Even without that tactic, the battle is winnable as Alexander. Gut feel is the sides are pretty well balanced although I haven’t really tried to test that theory. It’s not really about winning so much as to question how well one can “re-live” a famous battle when the key aspect of that battle won’t make it into play? But is there an alternative? Would any player controlling the Persians, especially one who knows something about the battle, actually leave themselves open to a decisive, killer move? Could you respect an AI that did the same?
My other frustration with Great Battles of Alexander was the limits built into it. I seem to recall that the CD version I had contained a scenario editor. As far as I can tell, that is not part of the GOG package. In theory, the editor opened the game to a wide range of ancients tactical combat, historical and hypothetical. In practice, I never played anything outside of the campaigns and don’t recall ever coming across too much in the way of user-made libraries. We certainly weren’t headed down, for example. the route that Field of Glory took, presenting both user-made historical options as well as quickly-generated competitive-play scenarios. After once or twice through the campaign, I felt like I’d got all I can out of this title.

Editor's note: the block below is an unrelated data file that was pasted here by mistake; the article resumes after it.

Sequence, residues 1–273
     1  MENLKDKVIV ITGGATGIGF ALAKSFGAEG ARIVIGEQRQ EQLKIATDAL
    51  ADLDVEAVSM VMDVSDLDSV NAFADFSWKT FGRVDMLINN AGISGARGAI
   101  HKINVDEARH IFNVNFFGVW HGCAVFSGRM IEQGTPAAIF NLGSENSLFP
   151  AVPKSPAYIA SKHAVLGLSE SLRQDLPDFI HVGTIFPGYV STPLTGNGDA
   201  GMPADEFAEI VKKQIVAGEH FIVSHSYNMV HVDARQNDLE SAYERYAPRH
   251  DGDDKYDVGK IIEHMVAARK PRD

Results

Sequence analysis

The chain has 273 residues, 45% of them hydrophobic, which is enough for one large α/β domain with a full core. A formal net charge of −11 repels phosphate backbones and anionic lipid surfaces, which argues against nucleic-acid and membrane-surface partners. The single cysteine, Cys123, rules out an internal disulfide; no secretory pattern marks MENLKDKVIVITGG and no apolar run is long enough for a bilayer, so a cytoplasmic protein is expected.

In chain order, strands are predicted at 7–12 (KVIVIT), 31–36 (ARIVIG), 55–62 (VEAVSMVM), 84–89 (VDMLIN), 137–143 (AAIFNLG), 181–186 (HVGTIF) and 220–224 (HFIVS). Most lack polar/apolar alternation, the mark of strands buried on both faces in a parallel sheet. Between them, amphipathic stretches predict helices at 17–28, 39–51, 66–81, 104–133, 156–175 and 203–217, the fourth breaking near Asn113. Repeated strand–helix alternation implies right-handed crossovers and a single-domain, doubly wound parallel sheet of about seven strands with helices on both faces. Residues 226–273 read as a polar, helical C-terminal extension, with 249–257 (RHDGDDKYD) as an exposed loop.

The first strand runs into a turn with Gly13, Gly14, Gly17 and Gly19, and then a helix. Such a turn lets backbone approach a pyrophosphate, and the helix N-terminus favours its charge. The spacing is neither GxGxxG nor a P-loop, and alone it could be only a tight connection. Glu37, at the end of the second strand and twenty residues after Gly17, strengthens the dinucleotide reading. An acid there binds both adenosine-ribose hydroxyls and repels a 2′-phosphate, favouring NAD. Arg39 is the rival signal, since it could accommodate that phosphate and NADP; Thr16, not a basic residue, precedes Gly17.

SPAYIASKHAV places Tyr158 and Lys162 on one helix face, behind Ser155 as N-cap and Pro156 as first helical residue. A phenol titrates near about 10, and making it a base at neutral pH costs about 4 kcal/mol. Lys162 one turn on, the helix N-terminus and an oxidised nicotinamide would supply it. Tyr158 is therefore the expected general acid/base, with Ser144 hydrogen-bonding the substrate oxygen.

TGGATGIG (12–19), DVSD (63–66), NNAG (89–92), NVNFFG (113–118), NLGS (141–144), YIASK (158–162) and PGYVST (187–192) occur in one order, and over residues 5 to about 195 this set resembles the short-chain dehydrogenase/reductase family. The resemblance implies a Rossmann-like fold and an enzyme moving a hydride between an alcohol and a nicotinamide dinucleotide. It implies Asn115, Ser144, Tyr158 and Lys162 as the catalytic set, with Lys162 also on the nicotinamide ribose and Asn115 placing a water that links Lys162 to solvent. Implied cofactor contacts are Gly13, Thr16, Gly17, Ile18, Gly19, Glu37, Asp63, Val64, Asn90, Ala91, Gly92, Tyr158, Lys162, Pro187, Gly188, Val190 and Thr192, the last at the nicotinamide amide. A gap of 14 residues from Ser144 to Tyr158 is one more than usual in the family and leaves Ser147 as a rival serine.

Now, 15+ years later, this package is once again fresh to me and, with GOG having solved the compatibility issues****, it is worth another look. I think I’m going to find newer options out there that do what I want done here, and better. Stay tuned.
*Well, sort of obvious. I admit I read this elsewhere rather than having picked it up by simply watching the movie.
**It is only as I am typing this that I realized that Richard Berg and Richard Borg are, in fact, two different game designers. Richard Borg is the developer of the Command and Colors series, another ancients tactical gaming system, subsequent to Great Battles of History. I’d never thought about it too specifically, but part of me always considered these two games to be connected. I’ve also confused both games with the tactical game Ancients (1986) at times. It is probably obvious at this point, but I own none of these board games.
***Arguably the real “classic” which Great Battles of Alexander expanded upon was Avalon Hill’s Alexander the Great, which I also never played. Alexander the Great was designed by none other than Gary Gygax in his pre-Dungeons and Dragons days.
****There are some complaints in the GOG reviews for this game about compatibility. I am running this on Windows 7, so I may be avoiding some of the problems that users of newer operating systems are having, even with the GOG package.